Police peacefully end G7 protest outside Quebec City
QUEBEC — Anti-G7 protesters declared victory Friday after an early-morning demonstration that stopped traffic for about one hour on a road outside Quebec City leading to the summit site of La Malbaie.
Protesters, mostly young and clad in black, gathered in a parking lot north of Quebec City by a road overlooking the St. Lawrence River and began marching in the street chanting anti-capitalist slogans.
But police dressed in riot gear were ready, and stood in formation at every corner of the intersection, blocking all exits.
An officer yelled through a loudspeaker that the protest was illegal because demonstrators didn’t provide police with their march route prior to the demonstration.
Protesters, trapped with nowhere to go, had no choice but to walk in a circle.
A tense standoff lasted about one hour.
“I want socialism,” said William, 22, who didn’t want to give his family name. “I’m against this G7. I’m against seven people running the planet.”
The G7 summit is an annual and informal gathering of the leaders from Canada, the United States, the United Kingdom, France, Germany and Japan and Italy — which represent the majority of global wealth. The European Union also attends the summit as do other dignitaries from around the world.
Samy Camus, 23, said he doesn’t like the economic system in Canada at the moment. “But I don’t know what I want to replace it with.”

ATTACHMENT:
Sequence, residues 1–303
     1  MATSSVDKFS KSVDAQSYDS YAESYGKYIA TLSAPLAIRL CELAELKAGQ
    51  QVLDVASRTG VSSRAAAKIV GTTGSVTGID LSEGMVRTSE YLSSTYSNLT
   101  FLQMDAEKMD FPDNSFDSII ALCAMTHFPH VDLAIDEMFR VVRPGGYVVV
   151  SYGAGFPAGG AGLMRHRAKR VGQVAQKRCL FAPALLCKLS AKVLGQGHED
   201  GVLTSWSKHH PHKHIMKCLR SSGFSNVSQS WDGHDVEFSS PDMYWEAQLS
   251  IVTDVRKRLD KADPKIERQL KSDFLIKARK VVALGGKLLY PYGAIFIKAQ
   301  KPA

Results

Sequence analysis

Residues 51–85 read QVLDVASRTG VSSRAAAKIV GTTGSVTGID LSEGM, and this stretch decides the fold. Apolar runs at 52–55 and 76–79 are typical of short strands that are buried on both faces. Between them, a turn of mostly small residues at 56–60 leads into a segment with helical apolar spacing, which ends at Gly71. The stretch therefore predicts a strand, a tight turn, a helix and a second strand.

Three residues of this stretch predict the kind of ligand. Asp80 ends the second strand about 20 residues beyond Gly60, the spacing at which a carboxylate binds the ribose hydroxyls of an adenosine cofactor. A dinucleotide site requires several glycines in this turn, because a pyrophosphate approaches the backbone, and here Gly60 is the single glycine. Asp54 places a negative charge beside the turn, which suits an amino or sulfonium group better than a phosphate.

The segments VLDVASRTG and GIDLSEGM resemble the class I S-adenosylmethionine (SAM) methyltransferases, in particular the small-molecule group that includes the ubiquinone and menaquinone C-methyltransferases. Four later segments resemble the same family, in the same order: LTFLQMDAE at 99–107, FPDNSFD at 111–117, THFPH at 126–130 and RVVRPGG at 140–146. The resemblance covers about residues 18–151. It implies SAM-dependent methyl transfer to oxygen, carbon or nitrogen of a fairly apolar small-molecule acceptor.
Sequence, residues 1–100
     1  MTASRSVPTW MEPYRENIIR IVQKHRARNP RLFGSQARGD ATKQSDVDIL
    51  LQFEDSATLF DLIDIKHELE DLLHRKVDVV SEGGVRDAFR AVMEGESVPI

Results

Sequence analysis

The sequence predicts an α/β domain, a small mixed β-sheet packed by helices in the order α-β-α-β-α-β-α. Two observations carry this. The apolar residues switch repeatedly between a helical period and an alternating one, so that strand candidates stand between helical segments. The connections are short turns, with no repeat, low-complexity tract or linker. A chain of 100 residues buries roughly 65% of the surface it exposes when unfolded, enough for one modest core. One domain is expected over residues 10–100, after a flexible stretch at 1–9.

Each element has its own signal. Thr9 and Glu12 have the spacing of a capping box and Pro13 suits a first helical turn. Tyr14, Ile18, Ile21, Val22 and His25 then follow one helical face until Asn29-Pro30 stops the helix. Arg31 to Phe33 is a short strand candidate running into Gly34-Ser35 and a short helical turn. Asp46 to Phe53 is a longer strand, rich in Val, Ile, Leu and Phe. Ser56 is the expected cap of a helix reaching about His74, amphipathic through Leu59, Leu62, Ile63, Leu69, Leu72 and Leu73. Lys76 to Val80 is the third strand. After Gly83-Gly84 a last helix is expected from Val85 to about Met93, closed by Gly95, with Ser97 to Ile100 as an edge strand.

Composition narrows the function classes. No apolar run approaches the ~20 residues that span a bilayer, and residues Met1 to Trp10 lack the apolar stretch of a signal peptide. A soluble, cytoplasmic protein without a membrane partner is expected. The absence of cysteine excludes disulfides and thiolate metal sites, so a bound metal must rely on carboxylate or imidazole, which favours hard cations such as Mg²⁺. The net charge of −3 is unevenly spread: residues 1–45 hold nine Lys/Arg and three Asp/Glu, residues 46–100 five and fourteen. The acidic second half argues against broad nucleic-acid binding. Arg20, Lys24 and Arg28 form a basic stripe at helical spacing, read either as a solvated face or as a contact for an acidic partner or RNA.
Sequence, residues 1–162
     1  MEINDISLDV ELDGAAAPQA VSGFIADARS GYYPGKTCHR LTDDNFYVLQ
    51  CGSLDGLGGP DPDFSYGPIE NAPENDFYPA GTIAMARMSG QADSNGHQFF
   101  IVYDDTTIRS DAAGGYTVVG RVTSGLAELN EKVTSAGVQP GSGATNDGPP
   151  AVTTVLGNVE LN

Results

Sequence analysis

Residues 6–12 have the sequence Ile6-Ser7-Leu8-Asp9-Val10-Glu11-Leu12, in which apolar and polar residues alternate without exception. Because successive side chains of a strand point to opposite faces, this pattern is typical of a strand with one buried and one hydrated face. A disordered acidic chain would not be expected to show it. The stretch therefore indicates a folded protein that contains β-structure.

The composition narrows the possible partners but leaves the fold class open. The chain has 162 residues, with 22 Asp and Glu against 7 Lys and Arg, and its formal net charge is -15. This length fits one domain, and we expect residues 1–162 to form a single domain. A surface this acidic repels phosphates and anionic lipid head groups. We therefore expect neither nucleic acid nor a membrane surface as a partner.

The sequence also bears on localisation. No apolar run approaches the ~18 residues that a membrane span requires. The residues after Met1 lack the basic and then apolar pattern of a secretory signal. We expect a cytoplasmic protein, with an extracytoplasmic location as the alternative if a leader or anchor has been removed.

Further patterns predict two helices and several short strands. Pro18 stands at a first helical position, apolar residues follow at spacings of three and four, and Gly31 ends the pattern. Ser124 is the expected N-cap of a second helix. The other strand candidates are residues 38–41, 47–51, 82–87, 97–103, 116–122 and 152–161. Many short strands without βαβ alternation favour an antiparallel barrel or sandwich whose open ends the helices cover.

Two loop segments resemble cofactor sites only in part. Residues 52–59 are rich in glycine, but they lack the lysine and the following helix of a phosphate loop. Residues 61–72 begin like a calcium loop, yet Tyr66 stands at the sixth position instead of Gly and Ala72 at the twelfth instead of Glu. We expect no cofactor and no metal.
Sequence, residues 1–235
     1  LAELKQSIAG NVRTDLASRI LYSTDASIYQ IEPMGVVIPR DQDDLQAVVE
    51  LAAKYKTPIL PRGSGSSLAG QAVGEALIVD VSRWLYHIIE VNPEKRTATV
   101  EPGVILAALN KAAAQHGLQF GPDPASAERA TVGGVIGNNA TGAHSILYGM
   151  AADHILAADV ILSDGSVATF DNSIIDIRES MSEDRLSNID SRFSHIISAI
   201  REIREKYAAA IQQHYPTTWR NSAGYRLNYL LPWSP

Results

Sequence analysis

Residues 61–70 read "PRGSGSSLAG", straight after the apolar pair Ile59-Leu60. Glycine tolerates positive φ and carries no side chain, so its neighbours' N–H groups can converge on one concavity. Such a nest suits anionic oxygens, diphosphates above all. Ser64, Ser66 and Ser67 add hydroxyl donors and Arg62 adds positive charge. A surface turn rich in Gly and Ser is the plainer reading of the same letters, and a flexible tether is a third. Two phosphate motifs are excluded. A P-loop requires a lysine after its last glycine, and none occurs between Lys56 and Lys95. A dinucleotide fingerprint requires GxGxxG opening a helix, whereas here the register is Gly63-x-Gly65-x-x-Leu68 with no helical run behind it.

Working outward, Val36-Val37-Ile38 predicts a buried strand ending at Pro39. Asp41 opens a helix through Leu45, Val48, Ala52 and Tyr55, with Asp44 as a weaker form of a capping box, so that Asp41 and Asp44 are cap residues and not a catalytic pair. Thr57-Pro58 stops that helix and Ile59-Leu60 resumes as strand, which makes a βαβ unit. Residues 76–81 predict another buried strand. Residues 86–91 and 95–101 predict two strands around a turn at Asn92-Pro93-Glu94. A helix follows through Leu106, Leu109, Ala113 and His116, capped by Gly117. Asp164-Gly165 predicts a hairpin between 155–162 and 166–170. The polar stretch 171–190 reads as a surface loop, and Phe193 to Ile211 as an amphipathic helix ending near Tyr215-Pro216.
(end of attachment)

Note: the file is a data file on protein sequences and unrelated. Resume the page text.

Protesters screamed at police, but remained peaceful and civil.
After about 45 minutes into the standoff, one flank of officers began slowly closing in on protesters.
Shortly after, officers without the imposing riot gear of their colleagues, wearing yellow vests and helmets, began politely asking protesters to move off the street and onto the sidewalk.
They grudgingly obliged and the protest ended calmly.
There were no apparent arrests.
“This is still a victory,” said a man yelling into a loudspeaker. “They shut down the legislature; 10,000 provincial civil servants were told to stay home; daycares have been closed. And we shut the road down leading to La Malbaie!” he said to cheers.
As the street re-opened to traffic, protesters lazed around on grassy patches between the road and the parking lots of fast-food restaurants.
Environmental groups, anti-capitalists and other activists are planning several protest actions on Saturday, but it was still unclear what kind of events would take place for the rest of the day Friday.
Lambert Drolet Premont, a 17-year-old who was at Thursday night’s protest, was draped in an Albanian flag, as he was the night prior.
“I’m just here because something interesting is finally happening in Quebec City,” he said.
News from © Canadian Press Enterprises Inc., 2018
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